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3

The Higgs mass does not stem from eating Goldstone bosons, since the Higgs is not a gauge field. Since we are breaking an $\mathrm{SU}(2) \subset \mathrm{SU}(2)_L \times \mathrm{U}(1)_Y$ completely, we have three Goldstone bosons, which are eaten by three of the four electroweak gauge bosons to form the massive $W^\pm,Z$ with the photon remaining massless. ...


6

Yes, it is correct to say that the Higgs boson, just like other elementary particles, get its mass from the interaction with the Higgs boson – which means "with itself" in the case of this particle. More concretely, the mass may be derived from the Higgs potential (energy density) $$ V(h) = \frac a4 h^4 - \frac b2 h^2 + c$$ where the additive shift $c$ ...


1

elementary particles do not have any particular speed. It could be could down untill almost zero motion, or it can be speeed up until becoming a black hole, who knows.


1

It is mainly measurement and detector errors that make up the width in the plots you show. The Monte Carlo simulates the detector resolution and folds in the theoretical values when it says that the width agrees. The real width is expected to be much smaller. In this we see that the real width is only given as a bound by the experiments the CMS ...


0

The decay width of a particle is antiproportional to its lifetime. Looking at the partial width of the $H \rightarrow \mu \mu$ decay, one could expect that the lifetime of the Higgs is large. This would be correct, if the Higgs could only decay to muons. In other words: The Higgs decaying to muons has a low probability (a low branching ratio). This comes ...


0

Particles with zero rest-mass can only move at the speed of light, while massive particles can never reach it. This is a fact from special relativity and is independent of the source of said mass. The fact that the Higgs mechanism makes certain particles massive is not intrinsically related to this.


2

First, note that there is no unified theory of QFT and gravity, so talking about geodesics and about the Higgs is really not possible within the framework of our current theories. Nevertheless, the confusion here seems to stem somehow from the idea that all particles are "initally" massless, and "then" the Higgs comes along and gives them mass. This idea of ...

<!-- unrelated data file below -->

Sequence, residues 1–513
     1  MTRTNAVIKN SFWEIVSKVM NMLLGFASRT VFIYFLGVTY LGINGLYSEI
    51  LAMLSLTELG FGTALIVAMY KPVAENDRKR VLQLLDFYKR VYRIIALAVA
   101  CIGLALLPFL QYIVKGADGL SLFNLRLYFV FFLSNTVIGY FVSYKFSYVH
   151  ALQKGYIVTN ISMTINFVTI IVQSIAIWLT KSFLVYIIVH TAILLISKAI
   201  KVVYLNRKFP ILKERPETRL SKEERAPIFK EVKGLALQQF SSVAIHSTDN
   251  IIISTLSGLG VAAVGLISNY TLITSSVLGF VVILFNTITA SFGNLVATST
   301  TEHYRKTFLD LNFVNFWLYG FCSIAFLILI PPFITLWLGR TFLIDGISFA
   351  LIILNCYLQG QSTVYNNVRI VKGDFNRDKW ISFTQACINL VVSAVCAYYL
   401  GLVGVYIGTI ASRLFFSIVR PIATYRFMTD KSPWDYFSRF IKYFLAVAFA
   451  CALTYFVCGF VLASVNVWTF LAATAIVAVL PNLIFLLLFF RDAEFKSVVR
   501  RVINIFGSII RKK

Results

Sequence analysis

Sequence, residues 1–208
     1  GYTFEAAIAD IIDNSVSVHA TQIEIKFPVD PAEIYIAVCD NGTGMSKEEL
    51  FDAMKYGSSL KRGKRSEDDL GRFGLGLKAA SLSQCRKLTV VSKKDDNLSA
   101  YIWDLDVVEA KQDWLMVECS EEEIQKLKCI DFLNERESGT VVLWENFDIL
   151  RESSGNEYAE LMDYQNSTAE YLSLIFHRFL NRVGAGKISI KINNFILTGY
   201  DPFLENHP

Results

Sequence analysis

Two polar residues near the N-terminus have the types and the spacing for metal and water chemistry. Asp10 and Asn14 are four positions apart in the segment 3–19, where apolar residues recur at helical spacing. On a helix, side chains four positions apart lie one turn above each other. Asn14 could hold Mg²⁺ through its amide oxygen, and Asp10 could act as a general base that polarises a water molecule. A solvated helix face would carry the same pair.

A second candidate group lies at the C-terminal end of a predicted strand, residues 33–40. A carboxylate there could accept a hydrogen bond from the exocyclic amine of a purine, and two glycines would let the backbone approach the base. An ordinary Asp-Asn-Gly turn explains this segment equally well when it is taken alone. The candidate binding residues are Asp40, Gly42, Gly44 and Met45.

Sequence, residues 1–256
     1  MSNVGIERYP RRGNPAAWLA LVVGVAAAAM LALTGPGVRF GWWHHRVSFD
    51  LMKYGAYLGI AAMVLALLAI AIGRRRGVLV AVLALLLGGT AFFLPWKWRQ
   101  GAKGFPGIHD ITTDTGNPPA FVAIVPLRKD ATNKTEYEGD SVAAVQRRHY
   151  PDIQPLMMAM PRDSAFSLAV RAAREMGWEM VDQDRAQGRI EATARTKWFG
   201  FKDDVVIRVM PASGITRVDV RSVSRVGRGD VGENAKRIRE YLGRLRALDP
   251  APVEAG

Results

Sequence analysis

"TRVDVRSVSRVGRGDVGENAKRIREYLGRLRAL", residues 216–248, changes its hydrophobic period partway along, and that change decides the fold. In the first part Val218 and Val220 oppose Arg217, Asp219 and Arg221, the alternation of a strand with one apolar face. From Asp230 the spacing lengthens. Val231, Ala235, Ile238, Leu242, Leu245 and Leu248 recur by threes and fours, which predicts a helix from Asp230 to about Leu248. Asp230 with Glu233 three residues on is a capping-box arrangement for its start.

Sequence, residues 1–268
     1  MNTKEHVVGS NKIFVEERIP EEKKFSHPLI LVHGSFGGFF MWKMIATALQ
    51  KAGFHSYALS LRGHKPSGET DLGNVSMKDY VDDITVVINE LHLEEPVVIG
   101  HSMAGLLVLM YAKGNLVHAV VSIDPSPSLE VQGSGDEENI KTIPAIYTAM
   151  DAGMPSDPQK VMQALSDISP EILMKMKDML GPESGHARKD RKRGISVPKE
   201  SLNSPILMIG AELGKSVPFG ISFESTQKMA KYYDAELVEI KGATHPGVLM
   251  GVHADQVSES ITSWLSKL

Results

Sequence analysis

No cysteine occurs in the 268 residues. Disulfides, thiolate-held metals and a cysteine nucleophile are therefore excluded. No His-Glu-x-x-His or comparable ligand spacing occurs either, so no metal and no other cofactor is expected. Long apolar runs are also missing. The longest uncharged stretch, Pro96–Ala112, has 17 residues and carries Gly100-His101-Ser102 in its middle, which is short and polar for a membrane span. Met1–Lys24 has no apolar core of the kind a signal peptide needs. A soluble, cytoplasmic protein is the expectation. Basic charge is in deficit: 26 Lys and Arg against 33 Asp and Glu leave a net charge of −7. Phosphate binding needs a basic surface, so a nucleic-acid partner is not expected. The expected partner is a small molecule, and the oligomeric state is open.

2

A look at the wikipedia article will clear up confusions in your question. In the standard model, at temperatures high enough that electroweak symmetry is unbroken, all elementary particles are massless. At a critical temperature the Higgs field becomes tachyonic, the symmetry is spontaneously broken by condensation, and the W and Z bosons acquire ...


0

Perhaps you could develop a mathematical therory following your lines of thouhght, but for current theories, the higgs is another field, different that the field of the particles to wich it gives them mass. The do not actually give them mass, but the interactions with them "looks like" mass for any macroscopic practical uses.


4

A field and a particle are two different concepts and it is well that one should separate them. A field can be classified as a scalar field, a vector field, a spinor field or a tensor field according to whether the value of the field at each point is a scalar, a vector, a spinor or a tensor, respectively. For example, the Newtonian gravitational field is ...


3

The Higgs Field is believed to permeate the universe, and the Higgs Boson is just an excitation of one of the four components the Higgs Field! The Higgs field needs high amounts of energy to be excited, so when Higgs Boson is "created", its energy level is usually many orders of magnitude higher than the ground energy level of its surroundings, and hence the ...



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